LONDON (Reuters) - A tabloid’s publication of a deeply personal letter written by Meghan, Britain’s Duchess of Sussex, to her father was a “plain breach” of privacy, her lawyers told a court on Tuesday and said the judge should rule in her favour without need for a trial.
Meghan, 39, the wife of Queen Elizabeth’s grandson Prince Harry, is suing publisher Associated Newspapers after its Mail on Sunday paper printed extracts of a handwritten letter she sent to her estranged father, Thomas Markle, in August 2018.
At the start of two days of remote hearings, Meghan’s lawyer, Justin Rushbrooke, asked a London High Court judge to issue a summary judgment without a potentially embarrassing trial. The Mail on Sunday, he argued, had no prospect of winning what he called a “plain and serious” breach of her privacy and there was no viable defence.
Meghan says publishing some of the five-page letter, which ran to 1,250 words, was a misuse of private information and breached her copyright.
The letter was penned after the duchess’s relationship with Markle broke down in the run-up to her glittering wedding to Harry in May 2018, which her father missed due to ill health and after he admitted posing for paparazzi pictures.
Rushbrooke told the court Meghan’s “intrinsically private, personal and sensitive letter” had been a plea to her father to stop talking to the press.
“I ask for nothing other than peace. And I wish the same for you,” its concluding sentence, read out by Rushbrooke, said.
CODE OF CONDUCT
The paper published extracts in February the following year, and has justified its action by saying it allowed Markle to respond to interviews Meghan’s anonymous friends had given to the U.S. magazine People.
“It was a total lie. It misrepresented the tone and content of the letter Meg had written me,” Markle wrote in a witness statement, made public on Tuesday, in which he said Meghan had either “expressly authorised” the People interviews or approved of them.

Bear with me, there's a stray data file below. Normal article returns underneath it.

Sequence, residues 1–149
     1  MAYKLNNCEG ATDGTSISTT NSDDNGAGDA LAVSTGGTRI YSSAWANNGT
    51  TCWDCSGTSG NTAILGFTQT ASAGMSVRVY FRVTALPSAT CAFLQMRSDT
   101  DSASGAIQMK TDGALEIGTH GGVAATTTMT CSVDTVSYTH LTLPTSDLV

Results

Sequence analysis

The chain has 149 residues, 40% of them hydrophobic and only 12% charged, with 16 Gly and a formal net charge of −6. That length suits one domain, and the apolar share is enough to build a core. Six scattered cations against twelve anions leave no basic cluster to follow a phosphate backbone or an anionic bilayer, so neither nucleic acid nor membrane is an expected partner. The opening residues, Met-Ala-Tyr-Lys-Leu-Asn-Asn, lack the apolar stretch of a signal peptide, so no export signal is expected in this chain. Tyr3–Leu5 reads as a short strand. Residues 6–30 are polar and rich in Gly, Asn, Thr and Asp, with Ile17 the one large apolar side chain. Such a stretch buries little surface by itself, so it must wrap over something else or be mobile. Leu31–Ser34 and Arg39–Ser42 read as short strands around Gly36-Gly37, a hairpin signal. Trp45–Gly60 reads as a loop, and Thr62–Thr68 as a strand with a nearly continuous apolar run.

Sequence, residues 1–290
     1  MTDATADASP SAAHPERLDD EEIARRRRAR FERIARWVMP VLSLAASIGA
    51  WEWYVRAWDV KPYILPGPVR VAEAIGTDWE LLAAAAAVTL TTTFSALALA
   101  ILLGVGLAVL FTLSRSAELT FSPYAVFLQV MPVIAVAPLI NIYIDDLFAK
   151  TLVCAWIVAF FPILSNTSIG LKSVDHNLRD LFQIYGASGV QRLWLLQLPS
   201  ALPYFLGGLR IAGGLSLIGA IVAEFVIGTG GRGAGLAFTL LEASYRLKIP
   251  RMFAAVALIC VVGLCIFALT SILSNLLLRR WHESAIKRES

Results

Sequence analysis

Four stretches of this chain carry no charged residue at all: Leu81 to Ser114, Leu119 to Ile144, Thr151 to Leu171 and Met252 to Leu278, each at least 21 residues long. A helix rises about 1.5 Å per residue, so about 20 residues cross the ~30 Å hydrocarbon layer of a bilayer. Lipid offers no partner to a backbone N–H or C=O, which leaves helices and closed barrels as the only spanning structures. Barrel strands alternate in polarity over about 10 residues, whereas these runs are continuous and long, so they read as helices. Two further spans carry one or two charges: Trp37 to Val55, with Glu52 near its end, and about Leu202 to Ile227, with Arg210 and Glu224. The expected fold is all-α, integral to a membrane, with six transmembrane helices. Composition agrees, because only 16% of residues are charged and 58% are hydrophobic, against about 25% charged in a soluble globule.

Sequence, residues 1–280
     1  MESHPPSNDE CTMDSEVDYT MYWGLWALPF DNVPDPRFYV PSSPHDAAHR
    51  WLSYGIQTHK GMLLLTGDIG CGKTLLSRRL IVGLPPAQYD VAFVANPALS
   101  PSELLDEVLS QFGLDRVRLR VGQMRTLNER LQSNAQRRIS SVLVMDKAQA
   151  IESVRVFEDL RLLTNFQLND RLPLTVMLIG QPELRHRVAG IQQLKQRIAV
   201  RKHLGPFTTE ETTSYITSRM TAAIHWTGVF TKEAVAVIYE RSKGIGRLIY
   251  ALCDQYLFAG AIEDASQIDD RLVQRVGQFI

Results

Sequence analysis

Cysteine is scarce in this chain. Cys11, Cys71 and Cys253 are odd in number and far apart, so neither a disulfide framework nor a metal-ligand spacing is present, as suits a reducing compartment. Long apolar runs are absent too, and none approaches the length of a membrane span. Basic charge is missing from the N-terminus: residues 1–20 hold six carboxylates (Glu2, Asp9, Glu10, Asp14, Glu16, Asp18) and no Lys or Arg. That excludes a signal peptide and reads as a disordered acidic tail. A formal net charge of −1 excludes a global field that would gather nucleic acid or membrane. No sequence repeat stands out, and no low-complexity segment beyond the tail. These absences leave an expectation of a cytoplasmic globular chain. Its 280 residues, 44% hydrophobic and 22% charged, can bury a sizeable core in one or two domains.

“It was only by publishing the text of the letter that I could properly set the record straight and show that what People magazine had published was false and unfair.”
Meghan’s lawyers told the court that publishing it was a “triple-barrelled” assault on “her private life, her family life and her correspondence”.
Rushbrooke said the Mail on Sunday had broken the code of conduct British newspapers worked by, and the case raised “a disturbing question” about who controlled the contents of a private letter.
“Is it the writer of the letter or the editor of the Mail on Sunday?” Rushbrooke said. “There can only be one answer to that question and the answer would be the same irrespective of whether the writer was a duchess or any other citizen: and the answer is, it is not the editor of the Mail on Sunday.”
In its written defence, the paper said the duchess was willing for private matters to become public if it suited her, saying she had cooperated with a biography of the couple, and there were “inconsistent statements” she needed to explain.
Its lawyers added Meghan had expected or intended the letter to become public, and any expectation of privacy would be outweighed by the paper’s rights to freedom of expression.
“There is uncertainty as to a number of significant factual matters which can, and should, be investigated at trial when the court will have the full picture,” the paper’s legal team said.
The trial was due to start last week but was delayed until late 2021 at Meghan’s request last year because of a confidential reason. Her team also announced at the time they would seek a summary judgement.
If it goes ahead, it raises the prospect of Markle giving evidence in court against his daughter, who he has not seen since they fell out, as well as appearances by the duchess herself and other senior royal aides.
She and Harry now live in Los Angeles, having stepped down from official royal duties last year.
Reporting by Michael Holden; Editing by William James, Alex Richardson and Alexandra Hudson
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